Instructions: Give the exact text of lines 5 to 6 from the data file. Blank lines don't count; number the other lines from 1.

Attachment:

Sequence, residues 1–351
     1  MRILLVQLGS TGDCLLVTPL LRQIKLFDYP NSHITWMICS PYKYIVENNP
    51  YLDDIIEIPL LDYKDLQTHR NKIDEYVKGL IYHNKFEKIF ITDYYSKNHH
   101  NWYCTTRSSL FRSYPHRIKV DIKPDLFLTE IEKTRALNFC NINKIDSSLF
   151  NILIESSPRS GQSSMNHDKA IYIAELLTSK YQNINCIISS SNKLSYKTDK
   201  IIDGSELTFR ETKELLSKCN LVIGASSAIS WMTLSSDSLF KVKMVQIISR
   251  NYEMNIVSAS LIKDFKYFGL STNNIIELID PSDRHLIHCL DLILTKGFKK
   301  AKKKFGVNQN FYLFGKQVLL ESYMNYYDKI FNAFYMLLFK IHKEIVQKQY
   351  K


   151  NILIESSPRS GQSSMNHDKA IYIAELLTSK YQNINCIISS SNKLSYKTDK
   201  IIDGSELTFR ETKELLSKCN LVIGASSAIS WMTLSSDSLF KVKMVQIISR